Tuesday, September 20, 2016

Lyric Video - Nissim ft. Netanel Israel, "Tagid Todah"

Gangsta rapper turned Breslov Chasid Nissim and Israeli pop singer Netanel Israel recently released a lyric video for "Tagid Todah", a single for Rosh Hashana peppered with references to Rabbi Nachman and Breslov philosophy.

Originally from Seattle, Nissim (who went by D. Black prior to his conversion) has been busy since moving to Israel back in March, releasing joint singles with everyone from Gad Elbaz to Lipa Schmeltzer. Meanwhile, Netanel Israel has released several singles on his own and is a frequent collaborator with previously-covered producer Sruli Broncher.




Nissim can be found on Facebook and YouTube and at nissimofficial.com. Netanel Israel's solo music can be found on his YouTube channel.

Music Video - Eitan Freilich, "Am Yisrael Chai"

Up-and-coming British Orthodox pop star Eitan Freilich has released a music video for "Am Yisrael Chai", the title track of his recently released debut album from producer Avi Newmark (the previously covered Gabriel Tumbak).

Directed by Hadassah Chen and "based on an idea" by Jewbellish's Mendy Pellin, the amusing video depicts a straight-laced Freilich, vacationing in Israel, learning to loosen up with the help of a young boy and an English-impaired cabbie. The song itself is an upbeat pop number with simplistic-but-thoughtful lyrics reassuring Israel during tumultuous times.



Eitan Freilich's debut album, Am Yisrael Chai, is available on iTunes, Amazon, Google Play, and Mostly Music. Freilich himself can be found on Facebook and at efmusic.co.uk.

Thursday, September 15, 2016

Yiddish Reggaeton - Sruli Broncher and Chaim Shlomo Mayes, "Oy A Broch!"

Jerusalem-based producer Sruli Broncher and Hasidic singer Chaim Shlomo Mayes have created one of the stranger cultural mashups - Yiddish-language reggaeton - with the new single "Oy A Broch!" (Yiddish for "Oh, A Disaster"). And...it actually kind of works.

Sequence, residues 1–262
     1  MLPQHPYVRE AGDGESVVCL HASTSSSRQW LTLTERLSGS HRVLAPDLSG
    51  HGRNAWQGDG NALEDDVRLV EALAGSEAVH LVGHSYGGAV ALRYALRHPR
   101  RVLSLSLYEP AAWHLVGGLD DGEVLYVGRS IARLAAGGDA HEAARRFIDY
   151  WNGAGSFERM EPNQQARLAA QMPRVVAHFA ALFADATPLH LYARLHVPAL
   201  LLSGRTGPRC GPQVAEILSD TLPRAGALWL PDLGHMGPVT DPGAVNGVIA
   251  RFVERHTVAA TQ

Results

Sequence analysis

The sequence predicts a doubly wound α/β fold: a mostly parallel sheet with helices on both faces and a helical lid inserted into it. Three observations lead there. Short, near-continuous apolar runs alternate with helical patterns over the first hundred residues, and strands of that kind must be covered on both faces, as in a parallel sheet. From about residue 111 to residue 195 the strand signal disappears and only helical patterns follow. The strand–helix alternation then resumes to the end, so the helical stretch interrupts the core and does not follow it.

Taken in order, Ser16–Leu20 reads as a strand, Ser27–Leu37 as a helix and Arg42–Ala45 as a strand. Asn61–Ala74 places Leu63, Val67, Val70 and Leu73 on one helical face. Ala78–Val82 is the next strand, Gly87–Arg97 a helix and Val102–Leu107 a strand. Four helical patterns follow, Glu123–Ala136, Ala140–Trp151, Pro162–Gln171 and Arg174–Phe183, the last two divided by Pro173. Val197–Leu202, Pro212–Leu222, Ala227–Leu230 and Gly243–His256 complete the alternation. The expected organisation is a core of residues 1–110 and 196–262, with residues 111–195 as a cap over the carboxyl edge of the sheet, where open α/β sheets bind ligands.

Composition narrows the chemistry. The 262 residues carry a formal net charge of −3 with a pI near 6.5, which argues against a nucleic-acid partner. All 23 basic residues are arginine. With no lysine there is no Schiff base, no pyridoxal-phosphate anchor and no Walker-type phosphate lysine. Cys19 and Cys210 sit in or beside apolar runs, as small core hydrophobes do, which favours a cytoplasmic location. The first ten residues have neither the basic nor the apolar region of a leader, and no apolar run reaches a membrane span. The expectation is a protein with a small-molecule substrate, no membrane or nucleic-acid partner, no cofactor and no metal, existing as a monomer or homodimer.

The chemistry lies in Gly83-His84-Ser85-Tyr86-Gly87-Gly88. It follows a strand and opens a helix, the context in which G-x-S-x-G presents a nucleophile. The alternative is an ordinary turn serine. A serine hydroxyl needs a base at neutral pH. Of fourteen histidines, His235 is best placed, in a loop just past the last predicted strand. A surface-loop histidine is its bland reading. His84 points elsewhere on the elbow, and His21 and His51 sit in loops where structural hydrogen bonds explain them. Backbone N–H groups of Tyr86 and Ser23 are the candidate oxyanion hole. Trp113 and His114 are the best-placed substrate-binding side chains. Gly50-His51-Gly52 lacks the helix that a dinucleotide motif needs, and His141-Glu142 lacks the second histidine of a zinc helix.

Partial credit goes to Mayes, who, despite clearly being a student of the more "emotional" school of Hasidic singers, manages to comfortably ride the complex reggae rhythms and even delivers the song's hook in a rave-worthy bass rumble. (There's a reason his debut album is called Bass Kol.) But really, the star of the show here is Broncher's awesome beat work: the aforementioned reggae bounce, the soaring melody that builds into a "Turn Down For What"-esque breakdown, and the hair metal-worthy guitar solo towards the end all make for an exceedingly moshable tune. Lyrics-wise, my Yiddish is even worse than my Hebrew and yet is still better than Google Translate's grasp of the language, but lyrics are kind of beside the point with this type of music, and the few that I can make out seem appropriately dramatic and substantial.

Some interesting background: Mayes's comfort on this song might have to do with his long history of reappropriating pop music for Hasidic audiences. Before this song, he and Bronchner were best known for Yiddish versions of Justin Bieber's "Love Yourself" and Fifth Harmony's "Work It". Before that, back in 2007, he and another Israeli musician, Dudi Kalish, created an album called Rap in Yiddish, full of parodies of artists like 50 Cent and Madonna, which earned them a boycott by local Haredi rabbis at the time. Even with the current oversaturation of bad Jewish parody music, you have to admire that kind of commitment.

More music by Broncher, Mayes, and other artists can be found on Broncher's YouTube channel. Mayes' debut album, Bass Kol, can be found at Mostly Music and JewishMusic.fm.

Music Video - Achiya Cohen, "Yoseph's Nigun"

Israeli composer Achiya Asher Cohen-Alloro recently released this musical tribute to the late Yosi Piamenta, who passed away last year. Piamenta, for those who don't know, was a BT guitarist and singer-songwriter who broke into Jewish music in the early '80s with his signature blend of klezmer and Hendrix-style rock guitar, and is often credited with pioneering the use of the long-dreaded electric guitar in frum music. Nowadays even Mordechai Ben David uses it on half his songs. (Which is not a coincidence. MBD definitely had respect for the master. Like, a lot.)